The po-po ain’t on your side, man: Once again, Frank and Joe decide to cut the police out of their investigation. Frank warns Chet not to pass along a bit of important evidence (the star tattoo on one of his kidnapper’s wrist) to the police, although to be fair, he might just have been peeved that he and his brother were not immediately recognized by officers and that Callie was frisked. Later, it doesn’t occur to Joe to contact the police when someone tries to kill him with an ice-cream truck. Near the end of the book, Frank and Joe pump Con for info without letting him know what they knew.

Maybe Joe considers reporting crimes to the police to be in the same category as snitching to teachers, which he considers “against his principles” (46). Or maybe both brothers realize the police are hopelessly out of date; Con laments that the “rumble has gone out of style” (126). The next thing you know, they’ll tell Con that gang violence no longer involves musical numbers!

I find your lack of faith disturbing: When Frank and Joe lead the hunt for Chet, Joe says they’ll do everything they can to find their friend. Iola asks, “What if that’s not enough?” and wants to call in the police. Iola: Frank and Joe’s best has always been enough to find Chet, as it was in this case. I mean, their fourth case, The Case of the Missing Chums, was entirely about finding a kidnapped Chet (and Biff).

Iola also complains about being left out of the case, which is a fair complaint. (Callie gets to do all sorts of things to help the investigation, although to be doubly fair, she also works hard to find things to do.) Rather than complaining directly to Joe about being forgotten, Iola has Chet deliver the message. It immediately slips Joe’s mind that he’s supposed to include Iola, but rather than seizing the moral high ground with a blistering lecture, Iola slips out of the Morton house and gets thrown into an ice-cream locker to freeze to death. That’ll certainly show Joe!

Frank and Joe — awesome teens, great job!: Joe is described as having the “casual grace of a star running back” (1). When the Starz prepare to attack Frank and Joe, the brothers slip into the “unfocussed attention of a trained martial artist” (31).

Have you been paying attention?: When someone pours glue over a library book and Frank’s notes, Frank gets blamed and sent to the principal’s office. The principal believes him, but she wonders what the perpetrator’s motive is. C’mon — Frank and Joe pick up enemies everywhere, and the school had already asked the brothers to investigate an extortion ring.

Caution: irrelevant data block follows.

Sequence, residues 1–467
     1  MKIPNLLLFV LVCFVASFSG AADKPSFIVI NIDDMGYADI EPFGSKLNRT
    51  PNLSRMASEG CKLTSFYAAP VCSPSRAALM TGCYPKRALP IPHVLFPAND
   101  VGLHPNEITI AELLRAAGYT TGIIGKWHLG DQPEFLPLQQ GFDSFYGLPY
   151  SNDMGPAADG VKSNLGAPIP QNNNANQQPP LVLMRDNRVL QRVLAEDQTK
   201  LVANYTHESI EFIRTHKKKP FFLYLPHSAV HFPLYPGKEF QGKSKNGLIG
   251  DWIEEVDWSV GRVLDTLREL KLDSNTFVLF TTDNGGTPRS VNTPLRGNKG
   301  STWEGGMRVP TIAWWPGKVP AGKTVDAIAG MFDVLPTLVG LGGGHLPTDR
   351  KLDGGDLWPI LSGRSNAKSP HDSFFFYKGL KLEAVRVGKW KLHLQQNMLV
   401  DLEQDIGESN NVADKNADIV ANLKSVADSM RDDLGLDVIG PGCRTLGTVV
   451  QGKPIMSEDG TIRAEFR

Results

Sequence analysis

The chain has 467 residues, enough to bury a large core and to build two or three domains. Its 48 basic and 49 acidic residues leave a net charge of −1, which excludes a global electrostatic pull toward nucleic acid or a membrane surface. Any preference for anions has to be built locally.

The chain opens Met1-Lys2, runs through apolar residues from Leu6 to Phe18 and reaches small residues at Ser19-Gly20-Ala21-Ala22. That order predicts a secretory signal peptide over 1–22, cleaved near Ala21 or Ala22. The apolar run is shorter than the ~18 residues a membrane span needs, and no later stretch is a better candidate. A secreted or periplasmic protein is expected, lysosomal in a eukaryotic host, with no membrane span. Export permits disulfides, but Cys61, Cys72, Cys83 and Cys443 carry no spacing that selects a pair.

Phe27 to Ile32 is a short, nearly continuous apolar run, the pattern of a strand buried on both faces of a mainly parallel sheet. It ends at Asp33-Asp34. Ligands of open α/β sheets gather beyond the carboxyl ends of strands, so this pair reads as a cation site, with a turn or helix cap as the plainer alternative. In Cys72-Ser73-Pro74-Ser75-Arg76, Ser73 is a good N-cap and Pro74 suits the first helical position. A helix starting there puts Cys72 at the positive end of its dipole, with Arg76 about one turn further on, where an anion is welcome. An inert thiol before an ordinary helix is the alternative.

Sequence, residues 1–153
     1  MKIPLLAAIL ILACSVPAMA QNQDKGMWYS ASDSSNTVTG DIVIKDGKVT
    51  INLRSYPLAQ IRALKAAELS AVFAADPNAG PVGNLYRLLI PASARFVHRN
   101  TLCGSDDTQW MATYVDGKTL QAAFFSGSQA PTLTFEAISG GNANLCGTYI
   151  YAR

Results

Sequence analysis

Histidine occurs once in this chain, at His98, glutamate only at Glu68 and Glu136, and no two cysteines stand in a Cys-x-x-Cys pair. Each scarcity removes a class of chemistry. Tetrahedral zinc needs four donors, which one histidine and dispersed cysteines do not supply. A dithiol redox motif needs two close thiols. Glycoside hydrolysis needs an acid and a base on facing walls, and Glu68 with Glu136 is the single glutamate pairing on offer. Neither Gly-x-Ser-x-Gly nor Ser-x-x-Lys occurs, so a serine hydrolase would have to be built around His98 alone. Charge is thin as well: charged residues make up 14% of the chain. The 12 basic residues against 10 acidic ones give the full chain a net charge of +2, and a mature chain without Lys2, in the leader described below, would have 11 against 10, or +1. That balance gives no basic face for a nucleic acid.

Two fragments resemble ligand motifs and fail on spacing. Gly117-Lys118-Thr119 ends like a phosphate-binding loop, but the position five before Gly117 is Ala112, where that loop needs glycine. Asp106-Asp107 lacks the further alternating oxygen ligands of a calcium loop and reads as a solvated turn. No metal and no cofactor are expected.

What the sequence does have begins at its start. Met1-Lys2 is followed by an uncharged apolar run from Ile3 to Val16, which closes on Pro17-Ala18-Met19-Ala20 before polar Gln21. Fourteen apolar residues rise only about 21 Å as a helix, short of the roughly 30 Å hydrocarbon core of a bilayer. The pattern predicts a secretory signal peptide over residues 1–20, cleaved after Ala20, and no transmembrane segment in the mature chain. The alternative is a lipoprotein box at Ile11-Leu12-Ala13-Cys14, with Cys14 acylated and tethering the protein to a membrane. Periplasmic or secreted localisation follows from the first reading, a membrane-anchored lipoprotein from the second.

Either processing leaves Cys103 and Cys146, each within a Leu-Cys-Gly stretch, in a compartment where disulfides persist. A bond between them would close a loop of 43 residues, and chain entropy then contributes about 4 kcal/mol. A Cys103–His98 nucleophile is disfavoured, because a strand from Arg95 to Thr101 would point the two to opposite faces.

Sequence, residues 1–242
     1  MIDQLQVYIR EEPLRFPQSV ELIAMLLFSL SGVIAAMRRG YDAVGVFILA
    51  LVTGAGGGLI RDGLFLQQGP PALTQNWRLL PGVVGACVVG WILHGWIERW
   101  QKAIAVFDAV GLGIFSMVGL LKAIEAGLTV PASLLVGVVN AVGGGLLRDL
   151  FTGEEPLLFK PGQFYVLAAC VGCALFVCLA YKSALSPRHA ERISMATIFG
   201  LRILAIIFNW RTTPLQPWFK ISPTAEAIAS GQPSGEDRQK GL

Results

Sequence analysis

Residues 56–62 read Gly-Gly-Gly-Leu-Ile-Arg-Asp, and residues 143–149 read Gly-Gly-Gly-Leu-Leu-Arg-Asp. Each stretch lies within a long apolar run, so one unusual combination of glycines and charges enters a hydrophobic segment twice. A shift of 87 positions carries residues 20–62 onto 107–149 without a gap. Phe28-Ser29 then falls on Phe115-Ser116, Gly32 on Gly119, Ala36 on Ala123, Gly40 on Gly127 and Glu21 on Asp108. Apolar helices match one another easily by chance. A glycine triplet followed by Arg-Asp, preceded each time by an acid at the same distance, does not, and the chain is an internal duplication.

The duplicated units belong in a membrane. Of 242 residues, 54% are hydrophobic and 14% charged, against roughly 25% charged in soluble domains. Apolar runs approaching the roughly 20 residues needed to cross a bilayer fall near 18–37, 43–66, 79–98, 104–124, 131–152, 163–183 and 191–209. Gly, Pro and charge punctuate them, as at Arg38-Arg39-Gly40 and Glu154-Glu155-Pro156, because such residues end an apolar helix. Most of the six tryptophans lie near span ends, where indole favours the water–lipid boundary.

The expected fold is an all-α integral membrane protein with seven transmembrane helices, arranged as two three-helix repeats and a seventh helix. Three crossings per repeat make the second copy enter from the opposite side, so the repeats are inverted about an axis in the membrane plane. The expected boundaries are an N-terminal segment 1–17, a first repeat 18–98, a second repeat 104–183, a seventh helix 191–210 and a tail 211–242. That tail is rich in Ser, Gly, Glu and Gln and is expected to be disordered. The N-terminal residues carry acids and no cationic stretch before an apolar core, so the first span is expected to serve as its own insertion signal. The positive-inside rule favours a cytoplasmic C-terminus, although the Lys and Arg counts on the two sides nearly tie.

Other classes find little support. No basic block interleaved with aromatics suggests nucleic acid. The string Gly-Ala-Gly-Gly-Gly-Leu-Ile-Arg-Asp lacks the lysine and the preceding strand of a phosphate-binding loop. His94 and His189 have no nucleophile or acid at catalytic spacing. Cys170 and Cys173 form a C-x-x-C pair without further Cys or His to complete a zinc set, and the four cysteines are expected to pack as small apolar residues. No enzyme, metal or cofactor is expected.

Blessed are the peacemakers: After Frank says he was talked into a peace conference with the Starz, Tony Prito is appalled: “The nerve … I’d like to negotiate some knuckles on that guy’s … nose” (54). Hot-headed Italian stereotype or hot-headed teenager stereotype?

Opinions: Blue Tattoo has a lot to recommend it. It does a good job looking at the role Frank and Joe occupy in the Bayport High School. They aren’t universally adored by the student body; in fact, it seems as if the Hardys are isolated, able to rely only on their immediate circle of friends. This isn’t the way other digests portray the Hardys — a new friend always pops up — but it’s more realistic that the only real friends they have are Biff, Chet, Tony, Callie, and Iola. Frank and Joe are too busy to dedicate much time to friendship, and they need to guard against people who want to associate with them only because of their fame.

It also shows that Frank and Joe’s aggressive crimefighting lifestyle has left them blind to problems in their own backyard. Bayport and BHS seem riddled with teen gangs, and the boys have done nothing about it. They pay the price, too; their classmates are intimidated by the gangs, unwilling to discuss them with the Hardys. Frank and Joe’s teachers range from sympathetic toward them to oblivious to the brothers’ reputation; the school librarian doesn’t buy Frank’s claim that someone else vandalized his library books, and Ms. Amity makes Frank (and the rest of his English class) study Thomas Hardy’s The Return of the Native, which seems like a punishment to me.

On the other hand, the book has its flaws. Frank and Joe are not top-notch investigators, oblivious that the Frosty Freddie ice cream trucks are being used as part of a criminal network even as they watch it happen. It’s not obvious that the trucks are being used to run numbers, although the OTB the truck stopped at should have been a clue. It is obvious that they’re being used for something illegal, though; several times the truck the brothers followed drew a large crowd of adults, but children were frequently ignored. Frank and Joe just think it’s weird, part of the business world they don’t understand.

Also: the blue tattoo on one of Chet’s kidnapper is never used to identify the kidnapper, although everyone assumes the tattooed star means the kidnapper was a member of the Stars. And Hedda Moon never should have used a nom du crime (“Lunatic”) that referred back to her; the astronomy-related gang names she chose after taking over the gangs also were a poor choice.